Danish Minister of Defence Nick Haekkerup said the defense savings sought in the TRP would not affect military spending in the current five-year defense plan. Haekkerup is seen above last year in Brussels. (THIERRY CHARLIER / AFP / Getty)
HELSINKI — The leftist Danish People’s Party (DPP) has threatened to veto the government’s ambitious Tax Reform Program (TRP), which plans to use $450 million cut from military spending to finance income tax cuts and employment incentives.
The DPP said it had initially agreed to support a tax reform plan that sought a maximum of $300 million in defense savings but now claims the government intends to fund more of the tax program from defense. The TRP aims to reduce the annual income tax take by $2.4 billion.
Defense Minister Nick Haekkerup said the defense savings sought in the TRP would not affect military spending in the current five-year defense plan, which runs to 2014. Funding for the tax program also will come from efficiency savings in other key public service areas, the minister said.
However, the DPP claims the government plans to proceed with TRP-related expenditure cuts before 2014, said Kristian Thulesen Dahl, the DPP’s spokesman on defense.
“We cannot accept a further DKK [Danish kroner] 700 million [$116.6 million] in defense cuts in the lifetime of the current political defense spending framework,” Dahl said. “This is not what we originally agreed to.”
The differing views adopted by the ruling center-left government and the DPP reflect growing unease within political and military quarters over future defense reform plans of Prime Minister Helle Thorning-Schmidt’s Social Democratic-led administration, Dahl said.
The government originally planned to spare defense and find its necessary funding by cutting mortgage relief, said Helge Pedersen, a senior economist with Nordea Bank.
“The reduction of mortgage interest relief was to have contributed nearly $670 million to the financing plan,” Pedersen said. “Instead, this amount will mainly be found through $450 million in expenditure reductions on defense and a $170 million cut in Denmark’s contribution to the European Union.”
In a submission to the government Aug. 14, the DPP warned that any further cuts above those already agreed in the current 2010-14 defense plan could force a cash-strapped military to shut up to six of the country’s biggest regional garrisons.
“We will not stand idly by and watch the military dismantle key facilities because of a lack of proper funding,” Dahl said. “There is a risk that barracks in Sonderborg, Haderslev, Odense, Varde, Allinge and the naval yard in Korsor may pay the price of this tax reform.”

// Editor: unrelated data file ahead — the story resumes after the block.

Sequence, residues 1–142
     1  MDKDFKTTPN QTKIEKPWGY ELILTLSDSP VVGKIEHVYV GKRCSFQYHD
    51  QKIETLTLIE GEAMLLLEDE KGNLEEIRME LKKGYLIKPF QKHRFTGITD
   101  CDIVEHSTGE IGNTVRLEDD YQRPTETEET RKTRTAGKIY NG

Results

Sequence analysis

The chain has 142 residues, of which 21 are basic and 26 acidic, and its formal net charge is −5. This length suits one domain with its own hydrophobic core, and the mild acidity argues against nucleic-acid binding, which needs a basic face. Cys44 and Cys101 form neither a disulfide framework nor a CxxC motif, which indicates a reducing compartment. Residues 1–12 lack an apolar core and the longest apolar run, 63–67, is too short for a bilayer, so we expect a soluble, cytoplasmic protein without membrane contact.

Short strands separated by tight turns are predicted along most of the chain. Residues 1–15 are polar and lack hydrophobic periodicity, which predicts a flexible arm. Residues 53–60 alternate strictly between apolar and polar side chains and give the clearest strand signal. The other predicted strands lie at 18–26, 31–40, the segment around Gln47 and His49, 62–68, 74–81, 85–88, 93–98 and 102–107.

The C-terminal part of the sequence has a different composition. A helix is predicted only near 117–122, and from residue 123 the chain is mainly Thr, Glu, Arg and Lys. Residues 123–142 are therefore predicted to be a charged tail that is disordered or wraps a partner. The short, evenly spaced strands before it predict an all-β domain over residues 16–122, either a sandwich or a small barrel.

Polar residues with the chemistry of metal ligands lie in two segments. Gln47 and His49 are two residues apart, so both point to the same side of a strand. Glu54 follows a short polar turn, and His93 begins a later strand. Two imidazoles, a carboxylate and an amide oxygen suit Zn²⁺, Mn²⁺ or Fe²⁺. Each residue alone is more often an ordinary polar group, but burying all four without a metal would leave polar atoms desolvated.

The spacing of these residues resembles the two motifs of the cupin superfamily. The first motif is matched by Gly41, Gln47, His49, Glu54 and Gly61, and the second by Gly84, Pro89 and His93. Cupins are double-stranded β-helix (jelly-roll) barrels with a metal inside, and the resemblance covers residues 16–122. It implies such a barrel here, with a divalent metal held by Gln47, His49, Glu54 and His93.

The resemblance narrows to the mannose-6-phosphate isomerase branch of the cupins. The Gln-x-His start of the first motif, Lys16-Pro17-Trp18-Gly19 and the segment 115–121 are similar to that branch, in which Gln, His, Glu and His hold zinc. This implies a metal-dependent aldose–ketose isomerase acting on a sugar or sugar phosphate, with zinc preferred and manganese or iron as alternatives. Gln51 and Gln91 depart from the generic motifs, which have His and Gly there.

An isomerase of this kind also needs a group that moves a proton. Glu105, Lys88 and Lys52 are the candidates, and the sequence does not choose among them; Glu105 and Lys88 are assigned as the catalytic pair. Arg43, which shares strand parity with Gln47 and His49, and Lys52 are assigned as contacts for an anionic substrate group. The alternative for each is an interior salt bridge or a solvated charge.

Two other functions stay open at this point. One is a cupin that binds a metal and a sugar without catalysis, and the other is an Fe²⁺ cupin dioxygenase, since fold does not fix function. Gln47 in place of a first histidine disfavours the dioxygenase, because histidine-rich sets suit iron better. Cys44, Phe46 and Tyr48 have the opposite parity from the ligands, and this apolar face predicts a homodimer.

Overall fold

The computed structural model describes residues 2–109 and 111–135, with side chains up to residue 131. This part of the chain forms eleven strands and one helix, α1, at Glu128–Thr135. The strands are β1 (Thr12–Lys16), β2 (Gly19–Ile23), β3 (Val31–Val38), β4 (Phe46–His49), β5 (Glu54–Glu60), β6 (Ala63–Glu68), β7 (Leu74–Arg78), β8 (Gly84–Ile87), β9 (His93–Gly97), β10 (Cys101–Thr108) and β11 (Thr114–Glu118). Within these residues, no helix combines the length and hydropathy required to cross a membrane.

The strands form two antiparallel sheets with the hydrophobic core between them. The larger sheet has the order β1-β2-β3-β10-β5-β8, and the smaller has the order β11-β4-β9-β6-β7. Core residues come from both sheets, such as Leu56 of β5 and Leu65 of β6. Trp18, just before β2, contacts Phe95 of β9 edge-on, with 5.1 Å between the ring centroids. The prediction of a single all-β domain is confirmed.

But the government claims the tax reform will not hurt military spending. John Dyrby Paulsen, the Social Democratic Party’s (SDP) finance spokesman, said the funding targets established in the 2010-14 defense spending budget framework will hold.
“The $450 million in expenditure savings will be applied during the lifetime of the next defense spending framework plan, which will run from 2015 to 2019,” Paulsen said. “The DPP has not fully understood how this tax reform agreement will work. The DPP is also a party to this agreement, but it seems to now want to exclude itself. It must be stressed that no defense savings will be sought, or taken, before 2015.”
A frustrated Haekkerup said confidentiality was a key component of cross-party cooperation on defense and that it was inappropriate for the DPP to publicize the content of such talks. He described as “speculative” the DPP’s contention that six garrisons might close.
“We have a standing agreement with all political parties involved in the defense bill — including the DPP — that we will not discuss certain matters in the public domain,” Haekkerup said in a statement. “We need this discussion to stay within the boundaries of the interparty talks to ensure that the savings plan is complete as possible.”
The government’s defense modernization and reform plans go beyond funding. In June, the MoD announced plans to dismantle the military’s existing Defense Command formation (Forsvarskommandoen) and integrate it into the MoD to create a fused civilian and military leadership structure.
The MoD estimates the Defense Command reform plan can save $500 million, with the added bonus of making the military’s financial management systems more transparent and cost-efficient. No firm date has yet been set for the reorganization.
“There will still be a defense commander who will be the leading military adviser to the defense minister. The military’s competencies will be the same, the only difference being they will be part of the ministry,” Haekkerup said.
Apart from the DPP, the Liberals and Conservatives have also criticized the government’s defense spending policies and foreign operations strategies, which they complain have sucked significant monies out of annual defense budgets and away from core units.
Despite this, the Liberals and Conservatives support the TRP and big-ticket international expenditures, such as the large-scale costs attached to the deployment of Danish forces and air assets to Afghanistan and Libya.
The Danish Audit Office estimates Denmark has spent more than $2.5 billion on its ground and air forces in Afghanistan since 2001. A further $150 million was spent on the Danish F-16 fighter squadron sent to support NATO’s Operation Unified Protector in March 2011.